Mark Sanford on Budget & Economy
Republican SC Governor; previously Representative (SC-1)
"We're at an incredible tipping point as a civilization and I think if we don't get spending right in Washington, D.C., there will be real consequences," Sanford said. "I've gotten into this race with the hope of taking what I've learned in Congress, what I learned in the governorship and what I've learned on the way up and on the way down and applying it to what I believe is the great debate of our civilization, which is indeed, how do we get our financial house in order."
Colbert Busch portrayed things differently. "Here's the fundamental difference. This is not the end of our time as we know it," she said. "The sky is not falling Henny Penny. In fact our best days are ahead of us."
Governor Sanford attacked the good old boy system head on. He consistently vetoed legislators' overspending and pork projects, and they hated him for it. He would send down budget vetoes and the GOP-led legislature would summarily override them. The year before I came to the house, in 2004, Governor Sanford issued 106 budget vetoes. The legislature took just 90 minutes to override 105 of them.
In the spring of 2009, Governor Sanford had waged a fierce (and ultimately unsuccessful) battle against the spending, even against its funding for South Carolina. His principled, fiscally conservative stand didn't sit too well with the national media or the South Carolina establishment, but it made him a hero to many South Carolinians and others across the country. Not only did he fight the stimulus, but he also fought the Washington bailouts, whether they were of the banks or the auto companies.
With our unemployment rate continuing to lag the national average, we will persist in our push for a lower income tax rate for all South Carolinians so we can reverse this trend. We have effectively the highest income tax rate in the Southeast and the 5th highest rate in the nation and we believe that a lower rate will give South Carolina a competitive advantage when it comes to attracting jobs and encouraging business start-ups. Whether attracting new jobs and capital or looking to grow from within, we must remain competitive with other states (Florida has no income tax) and other nations (even Russia & China are lowering rates) if we are to compete globally.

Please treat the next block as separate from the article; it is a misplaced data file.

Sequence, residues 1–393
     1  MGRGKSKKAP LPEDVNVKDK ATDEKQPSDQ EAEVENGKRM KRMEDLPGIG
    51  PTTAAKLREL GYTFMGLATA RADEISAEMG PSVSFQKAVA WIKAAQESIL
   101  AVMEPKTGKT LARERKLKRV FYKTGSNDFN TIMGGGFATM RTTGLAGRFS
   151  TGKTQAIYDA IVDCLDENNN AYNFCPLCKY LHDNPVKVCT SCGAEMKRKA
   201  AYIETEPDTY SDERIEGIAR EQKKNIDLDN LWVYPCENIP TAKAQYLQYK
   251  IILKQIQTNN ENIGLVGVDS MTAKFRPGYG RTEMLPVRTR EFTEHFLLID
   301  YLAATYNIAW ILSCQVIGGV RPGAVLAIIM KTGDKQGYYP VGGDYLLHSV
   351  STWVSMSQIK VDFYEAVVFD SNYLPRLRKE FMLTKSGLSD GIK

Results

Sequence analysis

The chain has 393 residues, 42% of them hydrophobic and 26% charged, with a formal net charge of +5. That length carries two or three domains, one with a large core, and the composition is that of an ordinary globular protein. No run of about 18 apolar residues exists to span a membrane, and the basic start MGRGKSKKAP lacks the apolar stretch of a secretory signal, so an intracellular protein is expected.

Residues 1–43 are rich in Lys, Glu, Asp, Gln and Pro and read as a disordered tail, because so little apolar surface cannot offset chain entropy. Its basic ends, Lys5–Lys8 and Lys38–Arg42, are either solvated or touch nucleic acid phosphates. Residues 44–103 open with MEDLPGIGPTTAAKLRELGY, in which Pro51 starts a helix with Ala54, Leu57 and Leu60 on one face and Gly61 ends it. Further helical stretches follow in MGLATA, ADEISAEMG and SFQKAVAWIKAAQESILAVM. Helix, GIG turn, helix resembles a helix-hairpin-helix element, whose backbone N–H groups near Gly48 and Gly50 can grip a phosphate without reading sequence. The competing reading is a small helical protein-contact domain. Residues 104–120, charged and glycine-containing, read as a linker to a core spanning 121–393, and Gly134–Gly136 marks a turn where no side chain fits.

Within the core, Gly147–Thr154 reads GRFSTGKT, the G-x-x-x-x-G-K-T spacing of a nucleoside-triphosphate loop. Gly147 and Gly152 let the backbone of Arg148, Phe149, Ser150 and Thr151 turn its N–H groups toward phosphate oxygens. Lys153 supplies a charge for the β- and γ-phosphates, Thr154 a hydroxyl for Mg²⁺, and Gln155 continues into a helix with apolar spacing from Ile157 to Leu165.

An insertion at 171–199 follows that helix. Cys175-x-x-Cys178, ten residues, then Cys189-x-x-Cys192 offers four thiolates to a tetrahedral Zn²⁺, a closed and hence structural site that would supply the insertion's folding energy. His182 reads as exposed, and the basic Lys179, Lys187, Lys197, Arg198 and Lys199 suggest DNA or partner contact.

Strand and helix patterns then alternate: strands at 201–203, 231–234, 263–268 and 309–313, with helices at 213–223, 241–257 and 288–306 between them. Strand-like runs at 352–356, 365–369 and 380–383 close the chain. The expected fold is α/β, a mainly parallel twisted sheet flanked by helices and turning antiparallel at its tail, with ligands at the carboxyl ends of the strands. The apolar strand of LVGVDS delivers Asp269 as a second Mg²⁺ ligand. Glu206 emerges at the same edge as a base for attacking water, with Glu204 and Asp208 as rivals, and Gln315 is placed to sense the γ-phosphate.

Twenty years ago, the dollar was worth 360 yen. Today it’s worth slightly more than 100 yen. In official Washington, this fact is indeed cause for alarm. But far from worrying that our currency has lost more than half its value during that time. Government policymakers often tell us our currency is too strong--and should be weakened even further.
All these machinations aside, the basic point was this: we did not deserve a raise. If the budget is actually balanced in five years, then Congress may want to consider a raise. I don’t think it will be. One of my campaign promises had been not to take a pay raise until the budget was balanced--because if Congress is serious about spending less, we ought to begin with ourselves.
Others were unhappy too. Self-limited members took to the house floor and voiced genuine outrage with this highway bill.
The likely result of breaking the caps for highways would be a mad rush to break the caps on every other government program. After all, how could the other House committee chairmen sit by and watch Bud Shuster get everything he wanted, and more, and not draw the conclusion that they were entitled to oodles more money, too?
OFFICIAL CONGRESSIONAL SUMMARY: Amends the Internal Revenue Code to permit an individual to designate three dollars on his or her income tax return (six dollars on a joint return) to be used to reduce the public debt of the United States.
SPONSOR'S INTRODUCTORY STATEMENT: Pres. Eisenhower apparently once said that he believed that there could be no surplus as long as our Nation was in debt. I come from that school of thought, and yet that is not exactly where we are right now in Washington.
Where we are right now is debating whether or not 90 percent or 50 percent, or some number in between, of these projected future surpluses should be allocated to the debt. What struck me is the fact that really more than just the Congress should be involved in that debate. It is for that reason that I introduce today the Taxpayers' Choice Debt Reduction Act.
What this bill would do would be to simply take the 1040, the tax return as we now know it. And right now, we can send $3 to the presidential campaign. This would create another box wherein we could send 3 bucks to debt reduction. That is not enough money to change our national debt, but it is enough money to make a small step in an important debate that we all ought to be a part of.
LEGISLATIVE OUTCOME: Referred to the House Committee on Ways and Means; never called for a House vote.
The Federal Reserve Transparency Act directs:
[As part of the Contract with America, within 100 days we pledge to bring to the House Floor the following bill]:
The Fiscal Responsibility Act:
A balanced budget/tax limitation amendment and a legislative line-item veto to restore fiscal responsibility to an out-of-control Congress, requiring them to live under the same budget constraints as families and businesses.
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